These rights cover things like food, housing, medical care, safety, a home free from abuse, and a suitable education.

In Zimbabwe, the effects of mounting debt are disastrous for children.

Since debt service costs eat up available fiscal space, an increase in the burden of repaying debt has been linked to a slowdown in expenditure in the social sector.

The government is having difficulty meeting its debt servicing obligations due to the excessive weight of the national debt.

Economic development has slowed as a result, and public spending has been curtailed child protection, health care, and education.

Children's social, economic, civil, and political rights are now being sacrificed as a result.

Consequently, there is a rise in Zimbabwean instances involving violations of children's rights.

 Poverty, forced child prostitution, and underage marriages are all growing more frequently. Since they are human, children are entitled to certain rights.

 The United Nations Convention on the Rights of the Child (UNCRC) provides them with protection.

However, despite this rich background and information on child rights instruments and improvements through the Zimbabwean laws that have allowed the welfare of the majority of children to improve, worrying child rights violations continue to plague the nation.

In Zimbabwe, an estimated 60.7% of all children live in multi-dimensional poverty, according to a Unicef report from 2021.

A large number of children lack appropriate access to food, shelter, and water because poverty is pervasive in the country.

There hasn't been much of a change in this pattern during the last ten years. The current droughts, which are the worst in our history, will make this worse.

To lessen the impact of debt on the welfare of children in Zimbabwe, important parties must develop a number of initiatives.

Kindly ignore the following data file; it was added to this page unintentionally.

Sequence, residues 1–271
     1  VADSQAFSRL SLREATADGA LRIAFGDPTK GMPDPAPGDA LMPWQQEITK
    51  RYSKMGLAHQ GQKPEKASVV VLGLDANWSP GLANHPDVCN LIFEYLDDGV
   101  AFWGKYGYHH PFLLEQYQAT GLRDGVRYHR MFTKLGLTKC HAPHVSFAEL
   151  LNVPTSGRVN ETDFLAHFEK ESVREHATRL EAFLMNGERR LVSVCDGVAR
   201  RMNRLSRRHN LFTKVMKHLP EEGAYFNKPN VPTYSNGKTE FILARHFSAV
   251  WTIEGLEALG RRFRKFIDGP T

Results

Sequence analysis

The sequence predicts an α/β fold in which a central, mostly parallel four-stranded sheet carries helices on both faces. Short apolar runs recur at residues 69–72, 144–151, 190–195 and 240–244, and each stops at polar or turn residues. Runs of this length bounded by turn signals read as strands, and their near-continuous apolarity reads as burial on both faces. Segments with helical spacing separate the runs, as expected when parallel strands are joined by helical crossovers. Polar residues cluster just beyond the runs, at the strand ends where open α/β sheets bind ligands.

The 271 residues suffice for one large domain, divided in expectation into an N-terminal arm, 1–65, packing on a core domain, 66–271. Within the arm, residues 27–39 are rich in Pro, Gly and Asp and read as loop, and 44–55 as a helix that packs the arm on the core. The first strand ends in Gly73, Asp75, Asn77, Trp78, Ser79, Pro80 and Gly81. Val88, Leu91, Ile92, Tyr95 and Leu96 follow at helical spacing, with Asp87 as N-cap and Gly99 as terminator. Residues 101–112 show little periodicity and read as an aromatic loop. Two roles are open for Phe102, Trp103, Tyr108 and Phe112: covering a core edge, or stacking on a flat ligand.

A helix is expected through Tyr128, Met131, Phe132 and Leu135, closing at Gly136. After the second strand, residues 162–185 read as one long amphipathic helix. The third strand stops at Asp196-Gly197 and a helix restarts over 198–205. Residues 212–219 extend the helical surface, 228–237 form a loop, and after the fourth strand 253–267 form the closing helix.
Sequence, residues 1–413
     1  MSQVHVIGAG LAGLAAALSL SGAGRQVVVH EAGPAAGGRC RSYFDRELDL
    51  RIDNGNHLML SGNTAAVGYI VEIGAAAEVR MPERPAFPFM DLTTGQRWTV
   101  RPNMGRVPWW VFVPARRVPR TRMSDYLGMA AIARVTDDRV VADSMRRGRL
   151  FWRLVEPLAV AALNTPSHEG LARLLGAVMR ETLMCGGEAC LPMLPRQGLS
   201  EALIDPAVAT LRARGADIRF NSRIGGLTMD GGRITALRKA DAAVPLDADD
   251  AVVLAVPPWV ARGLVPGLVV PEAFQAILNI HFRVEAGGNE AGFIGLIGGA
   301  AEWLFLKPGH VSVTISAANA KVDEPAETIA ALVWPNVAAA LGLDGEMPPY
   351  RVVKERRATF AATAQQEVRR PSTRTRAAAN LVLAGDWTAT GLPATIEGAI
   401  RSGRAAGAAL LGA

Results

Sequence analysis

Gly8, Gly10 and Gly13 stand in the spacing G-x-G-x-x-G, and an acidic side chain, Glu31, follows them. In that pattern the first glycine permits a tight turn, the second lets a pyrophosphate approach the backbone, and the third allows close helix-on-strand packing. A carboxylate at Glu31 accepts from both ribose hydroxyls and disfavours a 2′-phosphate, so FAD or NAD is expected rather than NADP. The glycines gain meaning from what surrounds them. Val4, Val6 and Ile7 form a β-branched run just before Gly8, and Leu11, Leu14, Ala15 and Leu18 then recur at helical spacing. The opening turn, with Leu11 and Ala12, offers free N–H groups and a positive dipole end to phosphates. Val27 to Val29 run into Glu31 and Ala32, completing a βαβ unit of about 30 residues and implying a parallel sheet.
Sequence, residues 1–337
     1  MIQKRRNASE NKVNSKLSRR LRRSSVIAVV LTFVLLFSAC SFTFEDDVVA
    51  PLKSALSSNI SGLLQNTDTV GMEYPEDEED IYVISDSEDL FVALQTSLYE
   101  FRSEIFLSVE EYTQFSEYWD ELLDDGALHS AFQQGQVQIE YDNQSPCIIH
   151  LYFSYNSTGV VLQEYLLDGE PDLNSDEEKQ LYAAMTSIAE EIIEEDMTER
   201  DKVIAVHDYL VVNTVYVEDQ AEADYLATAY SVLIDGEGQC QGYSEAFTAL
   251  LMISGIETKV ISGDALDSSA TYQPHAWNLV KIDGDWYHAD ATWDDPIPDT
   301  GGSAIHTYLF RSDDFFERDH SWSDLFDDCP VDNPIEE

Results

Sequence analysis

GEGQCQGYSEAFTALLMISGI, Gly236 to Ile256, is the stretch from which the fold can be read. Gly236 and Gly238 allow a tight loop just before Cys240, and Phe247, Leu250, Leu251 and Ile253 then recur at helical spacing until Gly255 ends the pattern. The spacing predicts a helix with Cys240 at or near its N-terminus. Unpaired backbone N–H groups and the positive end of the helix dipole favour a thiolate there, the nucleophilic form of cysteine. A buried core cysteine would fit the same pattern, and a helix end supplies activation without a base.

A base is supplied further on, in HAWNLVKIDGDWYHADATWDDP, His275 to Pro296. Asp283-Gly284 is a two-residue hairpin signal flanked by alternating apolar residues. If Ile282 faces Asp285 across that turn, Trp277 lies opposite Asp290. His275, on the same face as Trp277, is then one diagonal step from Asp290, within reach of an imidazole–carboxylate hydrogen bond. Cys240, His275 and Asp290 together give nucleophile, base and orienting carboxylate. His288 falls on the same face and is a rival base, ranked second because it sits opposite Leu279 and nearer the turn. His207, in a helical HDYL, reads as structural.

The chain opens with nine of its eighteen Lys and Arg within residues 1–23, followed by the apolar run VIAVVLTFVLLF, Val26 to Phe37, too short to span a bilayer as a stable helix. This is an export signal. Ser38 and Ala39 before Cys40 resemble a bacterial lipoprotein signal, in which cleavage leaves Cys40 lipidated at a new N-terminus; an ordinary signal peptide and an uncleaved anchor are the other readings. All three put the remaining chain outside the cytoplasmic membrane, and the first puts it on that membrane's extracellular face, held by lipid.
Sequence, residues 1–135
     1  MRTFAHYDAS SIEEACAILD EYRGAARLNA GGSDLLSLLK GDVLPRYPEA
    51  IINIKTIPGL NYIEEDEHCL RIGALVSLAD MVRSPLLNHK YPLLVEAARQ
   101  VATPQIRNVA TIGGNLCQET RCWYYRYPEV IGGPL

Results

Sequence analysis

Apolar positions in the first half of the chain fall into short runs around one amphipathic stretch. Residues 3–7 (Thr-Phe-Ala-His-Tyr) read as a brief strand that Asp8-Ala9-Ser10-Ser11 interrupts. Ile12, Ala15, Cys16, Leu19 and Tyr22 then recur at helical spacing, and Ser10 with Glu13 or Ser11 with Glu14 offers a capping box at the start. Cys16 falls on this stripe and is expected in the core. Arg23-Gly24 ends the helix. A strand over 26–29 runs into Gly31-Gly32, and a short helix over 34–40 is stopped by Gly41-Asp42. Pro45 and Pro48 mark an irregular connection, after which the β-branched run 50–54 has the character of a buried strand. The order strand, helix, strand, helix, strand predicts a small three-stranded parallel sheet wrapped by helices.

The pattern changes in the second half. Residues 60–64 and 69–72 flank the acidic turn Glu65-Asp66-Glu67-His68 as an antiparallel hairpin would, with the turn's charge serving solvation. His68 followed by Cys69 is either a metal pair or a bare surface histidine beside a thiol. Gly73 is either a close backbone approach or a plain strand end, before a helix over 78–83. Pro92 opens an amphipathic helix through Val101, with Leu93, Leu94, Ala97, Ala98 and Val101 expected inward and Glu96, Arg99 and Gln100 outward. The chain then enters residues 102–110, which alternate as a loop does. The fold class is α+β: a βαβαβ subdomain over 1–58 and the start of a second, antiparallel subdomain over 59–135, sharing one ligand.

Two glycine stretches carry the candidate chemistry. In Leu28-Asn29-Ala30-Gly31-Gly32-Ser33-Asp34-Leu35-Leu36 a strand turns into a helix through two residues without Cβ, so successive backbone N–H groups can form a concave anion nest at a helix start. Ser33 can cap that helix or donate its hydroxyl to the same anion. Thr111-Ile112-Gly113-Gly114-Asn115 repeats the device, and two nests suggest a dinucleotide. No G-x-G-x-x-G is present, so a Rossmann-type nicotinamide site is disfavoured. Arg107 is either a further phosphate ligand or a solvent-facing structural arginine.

For example, lending and debt management policies ought to be in the best interests of borrowers and the communities they represent, especially the younger generation, as well as creditors.

Respecting the tenets and recommendations for responsible debt management is expected of all parties.

To protect children's best interests, the government should also evaluate how debt management practices affect children's rights.

The focus of macroeconomic policy should progressively be shifted by the government from reliance on aid and borrowing beyond capacity in order to assure a stronger emphasis on sustainable domestic revenue mobilisation, particularly through taxation.

In addition, lending organisations must accept accountability for their previous errors.

Demanding repayment of loans made to the government, the majority of which were utilized for political reasons, is an unfair practice by lenders. Debt resulting from these careless loans needs to be cancelled.

Prioritising the use of saved funds should go toward funding vital areas like social protection, health care, and education.


  • Artwell Dzobo is a policy analyst.
  • These weekly articles are coordinated by Lovemore Kadenge, an independent consultant, managing consultant of Zawale Consultants (Private) Limited, past president of the Zimbabwe Economics Society  and past president of the Chartered Governance & Accountancy Institute in Zimbabwe. Email- [email protected] or Mobile +263 772 382 852